Write What Readers Want to Read

One of the questions I ask in my workshops is “Who do you write for? Yourself? The publisher? The reader?” Many authors make the mistake of writing for self or for the publisher. While writing for both are important, they are not as important as writing for the reader.

Look into the archives of your literary experience and you may recall a play by Shakespeare, one of the world’s most popular writers, called “As You Like It.” The title reveals why Shakespeare’s work is read and enjoyed hundreds of years after his passing. He understood what his audience liked and wanted and he gave it to them.

He wrote about things people could relate to, were curious about, and he wrote in everyday words people used and understood instead of trying to impress them with his high vocabulary.

One of Expert Publishing’s most successful authors is a colon cancer survivor. She writes about her medical experience, but more importantly, she writes about her new daily routine, the impact of her diagnosis on her relationships with her family members, her embarrassing as well as her triumphant moments dealing with her new life. She understands readers want to know more than the medical statistics, more  than the company line regarding what to tell new cancer patients, more than all the good that can come from adversity. Her first book sold thousands of copies and had multiple printings because she understands how important the reader is and honors that in her writing.  She’s now working on her fourth book, and she still keeps writing with the reader in mind.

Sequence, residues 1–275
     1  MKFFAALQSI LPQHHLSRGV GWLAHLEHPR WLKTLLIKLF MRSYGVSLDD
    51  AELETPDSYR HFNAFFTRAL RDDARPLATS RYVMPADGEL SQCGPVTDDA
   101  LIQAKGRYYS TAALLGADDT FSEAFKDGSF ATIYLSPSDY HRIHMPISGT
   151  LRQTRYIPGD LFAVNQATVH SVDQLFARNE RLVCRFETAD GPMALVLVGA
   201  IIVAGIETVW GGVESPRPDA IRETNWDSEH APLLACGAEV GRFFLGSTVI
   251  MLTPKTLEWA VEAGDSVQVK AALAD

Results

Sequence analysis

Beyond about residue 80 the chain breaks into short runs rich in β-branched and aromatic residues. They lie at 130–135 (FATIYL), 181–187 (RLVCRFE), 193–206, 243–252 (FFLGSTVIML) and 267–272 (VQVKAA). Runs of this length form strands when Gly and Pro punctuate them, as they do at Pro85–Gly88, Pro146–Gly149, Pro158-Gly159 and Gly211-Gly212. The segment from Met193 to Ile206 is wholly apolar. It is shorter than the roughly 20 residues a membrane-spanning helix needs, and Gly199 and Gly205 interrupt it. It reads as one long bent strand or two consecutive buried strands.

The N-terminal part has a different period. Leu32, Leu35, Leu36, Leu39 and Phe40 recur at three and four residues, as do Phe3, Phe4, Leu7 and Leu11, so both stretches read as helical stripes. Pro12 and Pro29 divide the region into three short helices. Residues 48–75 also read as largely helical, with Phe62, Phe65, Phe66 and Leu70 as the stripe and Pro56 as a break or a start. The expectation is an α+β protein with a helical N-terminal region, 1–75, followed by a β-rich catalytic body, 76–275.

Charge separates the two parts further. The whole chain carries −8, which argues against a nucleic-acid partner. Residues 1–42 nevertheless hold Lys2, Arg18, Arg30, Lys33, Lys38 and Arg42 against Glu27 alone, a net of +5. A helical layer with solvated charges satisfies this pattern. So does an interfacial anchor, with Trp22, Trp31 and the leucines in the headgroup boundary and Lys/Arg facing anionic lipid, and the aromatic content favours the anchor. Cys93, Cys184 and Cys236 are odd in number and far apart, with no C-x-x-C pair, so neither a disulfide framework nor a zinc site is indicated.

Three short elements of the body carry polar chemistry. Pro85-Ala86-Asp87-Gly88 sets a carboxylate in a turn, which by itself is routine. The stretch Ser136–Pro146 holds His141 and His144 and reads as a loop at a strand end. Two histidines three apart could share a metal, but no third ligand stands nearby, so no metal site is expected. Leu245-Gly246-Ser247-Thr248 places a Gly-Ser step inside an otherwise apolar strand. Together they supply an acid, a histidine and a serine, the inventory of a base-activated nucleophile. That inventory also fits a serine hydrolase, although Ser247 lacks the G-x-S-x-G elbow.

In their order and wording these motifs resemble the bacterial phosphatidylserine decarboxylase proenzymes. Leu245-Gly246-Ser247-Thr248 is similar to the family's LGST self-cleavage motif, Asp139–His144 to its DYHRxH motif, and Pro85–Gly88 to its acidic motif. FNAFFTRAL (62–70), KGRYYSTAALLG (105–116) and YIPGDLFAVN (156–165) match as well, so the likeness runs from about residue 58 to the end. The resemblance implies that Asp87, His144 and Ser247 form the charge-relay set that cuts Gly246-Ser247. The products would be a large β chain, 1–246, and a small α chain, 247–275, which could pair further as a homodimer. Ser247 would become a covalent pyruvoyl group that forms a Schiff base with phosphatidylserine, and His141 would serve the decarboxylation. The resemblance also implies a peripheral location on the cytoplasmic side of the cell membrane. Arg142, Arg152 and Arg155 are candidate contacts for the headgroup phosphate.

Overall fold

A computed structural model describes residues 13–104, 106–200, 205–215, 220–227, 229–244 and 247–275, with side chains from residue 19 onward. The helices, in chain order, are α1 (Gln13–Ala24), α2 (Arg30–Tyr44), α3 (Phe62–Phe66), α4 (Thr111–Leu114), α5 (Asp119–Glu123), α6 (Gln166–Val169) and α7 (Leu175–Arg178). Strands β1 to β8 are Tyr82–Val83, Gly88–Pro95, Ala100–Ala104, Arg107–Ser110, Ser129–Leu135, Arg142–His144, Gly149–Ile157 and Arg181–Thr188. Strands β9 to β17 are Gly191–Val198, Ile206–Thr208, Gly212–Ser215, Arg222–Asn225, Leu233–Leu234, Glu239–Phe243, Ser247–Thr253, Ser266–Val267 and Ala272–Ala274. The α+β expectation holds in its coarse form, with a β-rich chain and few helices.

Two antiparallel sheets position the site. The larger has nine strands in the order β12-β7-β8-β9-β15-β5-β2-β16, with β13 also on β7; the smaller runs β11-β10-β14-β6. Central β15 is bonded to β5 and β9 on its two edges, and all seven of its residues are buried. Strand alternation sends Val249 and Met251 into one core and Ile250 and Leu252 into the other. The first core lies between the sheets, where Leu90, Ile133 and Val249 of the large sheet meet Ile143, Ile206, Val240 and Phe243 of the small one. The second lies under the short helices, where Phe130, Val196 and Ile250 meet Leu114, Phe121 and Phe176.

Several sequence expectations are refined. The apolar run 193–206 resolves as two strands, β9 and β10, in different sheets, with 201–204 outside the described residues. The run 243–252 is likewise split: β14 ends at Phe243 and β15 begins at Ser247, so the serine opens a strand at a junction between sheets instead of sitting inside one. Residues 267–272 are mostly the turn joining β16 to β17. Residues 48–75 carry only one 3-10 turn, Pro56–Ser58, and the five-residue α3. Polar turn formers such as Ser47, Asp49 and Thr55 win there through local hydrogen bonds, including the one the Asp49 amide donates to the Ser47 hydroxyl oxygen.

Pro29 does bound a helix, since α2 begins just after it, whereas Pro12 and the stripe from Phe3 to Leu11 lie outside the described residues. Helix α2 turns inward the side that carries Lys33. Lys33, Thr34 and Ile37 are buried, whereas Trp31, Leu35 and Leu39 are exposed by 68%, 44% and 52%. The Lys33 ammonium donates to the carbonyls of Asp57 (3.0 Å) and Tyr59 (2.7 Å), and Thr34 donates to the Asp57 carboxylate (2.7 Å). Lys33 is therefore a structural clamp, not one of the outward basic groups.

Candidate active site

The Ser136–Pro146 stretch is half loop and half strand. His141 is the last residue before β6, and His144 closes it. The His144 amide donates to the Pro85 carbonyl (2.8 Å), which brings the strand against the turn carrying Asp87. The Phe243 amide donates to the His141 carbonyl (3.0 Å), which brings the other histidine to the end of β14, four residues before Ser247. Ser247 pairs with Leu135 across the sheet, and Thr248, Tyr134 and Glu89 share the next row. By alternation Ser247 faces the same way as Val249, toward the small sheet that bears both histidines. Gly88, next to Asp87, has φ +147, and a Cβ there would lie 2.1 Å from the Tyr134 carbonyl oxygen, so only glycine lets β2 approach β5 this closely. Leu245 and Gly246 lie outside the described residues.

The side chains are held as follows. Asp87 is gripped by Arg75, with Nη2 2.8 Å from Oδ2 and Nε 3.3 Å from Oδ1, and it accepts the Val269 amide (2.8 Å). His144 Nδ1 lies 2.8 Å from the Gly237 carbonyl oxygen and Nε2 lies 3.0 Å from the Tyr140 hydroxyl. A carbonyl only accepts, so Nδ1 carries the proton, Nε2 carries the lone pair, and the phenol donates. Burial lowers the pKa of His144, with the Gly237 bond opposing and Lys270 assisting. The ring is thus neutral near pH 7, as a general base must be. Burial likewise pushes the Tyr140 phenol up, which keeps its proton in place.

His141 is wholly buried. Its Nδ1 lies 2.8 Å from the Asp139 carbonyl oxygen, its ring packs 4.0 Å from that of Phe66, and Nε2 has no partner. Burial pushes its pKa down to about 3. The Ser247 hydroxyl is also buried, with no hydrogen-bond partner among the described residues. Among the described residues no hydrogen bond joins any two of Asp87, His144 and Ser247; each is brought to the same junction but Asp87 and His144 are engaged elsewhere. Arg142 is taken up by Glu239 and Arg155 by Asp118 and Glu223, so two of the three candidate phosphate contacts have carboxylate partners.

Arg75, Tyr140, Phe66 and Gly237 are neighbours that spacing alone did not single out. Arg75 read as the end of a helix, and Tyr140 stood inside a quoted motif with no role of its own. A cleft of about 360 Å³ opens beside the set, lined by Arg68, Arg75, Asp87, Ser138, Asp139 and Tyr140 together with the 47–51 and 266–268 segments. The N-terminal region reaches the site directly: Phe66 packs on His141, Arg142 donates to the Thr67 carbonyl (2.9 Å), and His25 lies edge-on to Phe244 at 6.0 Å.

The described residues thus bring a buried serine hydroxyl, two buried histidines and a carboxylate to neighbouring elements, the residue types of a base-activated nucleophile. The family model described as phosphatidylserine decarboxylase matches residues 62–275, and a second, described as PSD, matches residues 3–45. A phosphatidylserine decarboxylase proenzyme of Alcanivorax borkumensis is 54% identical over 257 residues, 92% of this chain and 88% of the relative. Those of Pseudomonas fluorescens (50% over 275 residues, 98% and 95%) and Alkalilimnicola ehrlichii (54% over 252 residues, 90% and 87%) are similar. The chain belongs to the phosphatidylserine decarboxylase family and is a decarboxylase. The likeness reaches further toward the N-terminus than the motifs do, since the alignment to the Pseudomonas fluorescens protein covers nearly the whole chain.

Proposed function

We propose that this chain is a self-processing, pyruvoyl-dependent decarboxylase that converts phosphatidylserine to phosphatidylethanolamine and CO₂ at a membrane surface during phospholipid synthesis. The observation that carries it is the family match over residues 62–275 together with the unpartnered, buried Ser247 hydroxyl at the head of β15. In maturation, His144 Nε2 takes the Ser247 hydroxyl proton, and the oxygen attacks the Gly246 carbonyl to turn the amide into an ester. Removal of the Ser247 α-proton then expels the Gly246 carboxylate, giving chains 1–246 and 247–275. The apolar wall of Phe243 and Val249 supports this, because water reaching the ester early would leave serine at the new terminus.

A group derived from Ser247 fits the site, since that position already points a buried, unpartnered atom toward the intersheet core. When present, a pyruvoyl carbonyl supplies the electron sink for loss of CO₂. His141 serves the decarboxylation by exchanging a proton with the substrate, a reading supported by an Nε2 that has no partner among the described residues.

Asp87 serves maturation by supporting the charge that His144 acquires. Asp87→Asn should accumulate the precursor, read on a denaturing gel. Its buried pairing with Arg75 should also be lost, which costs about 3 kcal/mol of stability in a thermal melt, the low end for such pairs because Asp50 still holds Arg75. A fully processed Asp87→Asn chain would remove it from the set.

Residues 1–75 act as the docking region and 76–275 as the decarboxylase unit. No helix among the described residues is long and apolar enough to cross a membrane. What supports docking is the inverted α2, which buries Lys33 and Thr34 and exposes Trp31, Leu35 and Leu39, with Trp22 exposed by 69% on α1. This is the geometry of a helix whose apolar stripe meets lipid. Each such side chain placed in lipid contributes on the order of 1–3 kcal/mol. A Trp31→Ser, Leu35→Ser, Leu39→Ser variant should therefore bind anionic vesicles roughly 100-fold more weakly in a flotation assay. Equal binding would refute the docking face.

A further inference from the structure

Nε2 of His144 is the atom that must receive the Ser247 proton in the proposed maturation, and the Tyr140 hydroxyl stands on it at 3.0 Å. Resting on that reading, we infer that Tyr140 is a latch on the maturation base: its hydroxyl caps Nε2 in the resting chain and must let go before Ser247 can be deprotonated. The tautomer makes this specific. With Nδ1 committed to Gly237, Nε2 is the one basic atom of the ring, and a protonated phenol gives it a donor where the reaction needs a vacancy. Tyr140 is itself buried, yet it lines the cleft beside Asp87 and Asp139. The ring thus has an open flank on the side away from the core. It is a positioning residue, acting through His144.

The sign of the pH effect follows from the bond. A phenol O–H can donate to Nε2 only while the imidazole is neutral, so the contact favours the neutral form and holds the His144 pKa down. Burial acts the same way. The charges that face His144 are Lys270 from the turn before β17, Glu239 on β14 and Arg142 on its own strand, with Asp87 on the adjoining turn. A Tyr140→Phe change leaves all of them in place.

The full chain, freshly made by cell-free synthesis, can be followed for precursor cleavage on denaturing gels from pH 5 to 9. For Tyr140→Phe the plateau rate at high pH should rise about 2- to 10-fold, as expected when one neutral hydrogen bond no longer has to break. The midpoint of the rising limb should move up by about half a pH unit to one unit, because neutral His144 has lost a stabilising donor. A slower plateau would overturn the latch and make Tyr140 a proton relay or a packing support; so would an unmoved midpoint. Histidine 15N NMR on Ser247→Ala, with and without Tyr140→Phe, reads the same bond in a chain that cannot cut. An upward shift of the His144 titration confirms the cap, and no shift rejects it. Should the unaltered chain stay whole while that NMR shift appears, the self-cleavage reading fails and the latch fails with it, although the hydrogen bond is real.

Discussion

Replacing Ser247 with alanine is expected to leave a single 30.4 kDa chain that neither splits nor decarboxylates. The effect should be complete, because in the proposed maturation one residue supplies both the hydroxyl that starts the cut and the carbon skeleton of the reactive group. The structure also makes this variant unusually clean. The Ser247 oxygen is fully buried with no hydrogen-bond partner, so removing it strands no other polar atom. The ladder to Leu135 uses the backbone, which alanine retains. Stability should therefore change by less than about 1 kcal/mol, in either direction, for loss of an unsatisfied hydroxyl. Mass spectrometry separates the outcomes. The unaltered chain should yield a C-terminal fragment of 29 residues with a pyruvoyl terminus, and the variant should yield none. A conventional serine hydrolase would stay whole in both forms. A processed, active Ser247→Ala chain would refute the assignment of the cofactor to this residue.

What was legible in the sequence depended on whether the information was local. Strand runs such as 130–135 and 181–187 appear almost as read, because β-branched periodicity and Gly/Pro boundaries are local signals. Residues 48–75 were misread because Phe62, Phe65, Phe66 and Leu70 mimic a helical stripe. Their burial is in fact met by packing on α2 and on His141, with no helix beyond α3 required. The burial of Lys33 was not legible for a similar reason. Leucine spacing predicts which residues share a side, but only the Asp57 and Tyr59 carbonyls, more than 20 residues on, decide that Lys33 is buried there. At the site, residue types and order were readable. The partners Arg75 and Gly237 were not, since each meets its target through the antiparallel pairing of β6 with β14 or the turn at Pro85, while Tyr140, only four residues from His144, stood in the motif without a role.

What are you writing about? No matter what it is, you’re writing to a reader. Visualize that reader. Ask yourself, “What would the reader want to know?” Then answer the question to the best of your ability. That doesn’t mean you get bogged down in purple prose that makes the eyes glaze over. It means your writing relates to your reader on a level of two human beings communicating.

When you write, you are sending a message to your reader, but you’re not getting feedback the way you do when you’re communicating face to face with another person. Your job is to provide the reader sufficient information so he/she doesn’t have to fill in the blanks, especially since they can’t ask you for clarity.

I’m not suggesting you’ll become another Shakespeare, but I know you’ll create a fan base if you write what readers want to read.

Happy writing!



1 Response to “Write What Readers Want to Read”

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